With the starting gun fired for the second referendum, it is more important than ever that we amplify women’s voices on both sides of the debate. We deserve better and the debate is richer when we have a diversity of voices. We need more women’s voices otherwise we will be stuck with that same cavalcade of Davids and nobody wants that.

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20 Comments

  • tickle 7 months ago

    what can i do to help?

    Reply
  • Wul 7 months ago

    Hear hear! I’m sick of this too. The debates are always better when women are on the panel.
    Sometimes they can even agree with each other on one point, but differ on another.
    The guys, I’m sorry to say, too often descend into a who’s-got-the-biggest-c**k bun fight.

    Reply
  • Alan Bissett 7 months ago

    It’s fairly straightforward. If there isn’t 50/50 representation of men and women in the media then there is an obvious structural bias that needs to be addressed somehow.

    Reply
    • Mumps 7 months ago

      “It’s fairly straightforward” he explained, “If there isn’t 50/50 representation of men and women in the media then there is an obvious structural bias that needs to be addressed somehow.” he said, telling us all the exact point of Eilidh Lean’s article.

      I think a more helpful approach would be to provide some suggests as to how change might be enacted or just to say you supported her comments, which we all here understood.

      Reply
      • Alan Bissett 7 months ago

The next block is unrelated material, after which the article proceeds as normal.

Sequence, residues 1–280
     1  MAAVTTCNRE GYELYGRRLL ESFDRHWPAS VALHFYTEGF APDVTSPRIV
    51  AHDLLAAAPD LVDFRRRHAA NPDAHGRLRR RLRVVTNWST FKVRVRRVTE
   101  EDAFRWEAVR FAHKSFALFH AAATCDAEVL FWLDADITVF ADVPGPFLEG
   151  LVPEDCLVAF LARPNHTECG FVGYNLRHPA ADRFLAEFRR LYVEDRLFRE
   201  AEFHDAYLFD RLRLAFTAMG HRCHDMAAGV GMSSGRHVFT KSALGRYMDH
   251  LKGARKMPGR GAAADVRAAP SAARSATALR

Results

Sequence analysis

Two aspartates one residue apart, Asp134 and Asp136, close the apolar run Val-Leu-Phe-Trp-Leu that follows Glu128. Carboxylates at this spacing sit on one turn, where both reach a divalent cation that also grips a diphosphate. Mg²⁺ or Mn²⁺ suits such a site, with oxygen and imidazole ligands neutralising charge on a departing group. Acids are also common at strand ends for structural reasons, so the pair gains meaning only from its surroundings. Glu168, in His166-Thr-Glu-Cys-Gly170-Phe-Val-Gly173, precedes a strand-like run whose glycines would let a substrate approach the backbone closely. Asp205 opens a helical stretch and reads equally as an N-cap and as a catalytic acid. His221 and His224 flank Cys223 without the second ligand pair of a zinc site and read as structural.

I just did write in support of her comments.

        Reply
  • Alba woman 7 months ago

    Hear Hear what a load of old rubbish….The patriarchy is alive and very well here in Scotia.

    Mind you it has been much worse. Women in Scotland were subject to the worst witch hunt in Europe besides Germany. They were written out of Scottish history for two hundred years. Women in Scotland have been subject to intense historical silencing which has had serious implications for women in Scottish culture.

    I thought Fiona Hyslop did well in her interviews with the msm. These folk being rude and showing their ignorance of the realities of Scottish politics. Women in Scotland have fought historically and currently to end this cultural silencing. Nicola is a fab example.

    Reply
    • JH 7 months ago

      All of this begs the question about why women who actually do have power have not done more to promote genuine gender equality. There have been so many wasted opportunities. Sturgeon has at least tried – but how many other women in power have?

      The Queen is a woman, the PM is a woman, the FM is a woman. The leaders of the Scottish Labour & Conservative parties are women…

      The UK has had the same female ruler throughout my lifetime, had another queen through most of the 19th century (who did little or nothing for votes for women), a female PM through the eighties (with hardly any women in her cabinets) and now the two main parties in NI (possibly the most patriarchal part of the UK) are led by women. Stella Rimington also ran one of the major spy agencies. All of these women could or can do something.

      Reply
  • Heather 7 months ago

    Couldn’t agree more 🙂

    Reply
  • JH 7 months ago

    In arts & literature quangoes, it is often the othe way round. The Edinburgh City of Lit is completely dominated by women.

    Reply
    • Laura Waddell 7 months ago

      Research shows that whilst there are more women in literature and publishing, the highest paid, highest level jobs still disproportionately favour men. Not only that, but male writers are reviewed more often by literary publications, are shortlisted more often for prestigious prizes, and the same is true for books that feature story lines about men. If ever there was a quick and easy way to showcase bias, the culture of literature and publishing shows it – a workforce predominantly female whilst all the cushy spots go to men. See BookCareers (https://www.bookcareers.com/survey2008/gender.htm and their submission to the Dept of Work and Pensions equality committee), the VIDA count, and Google.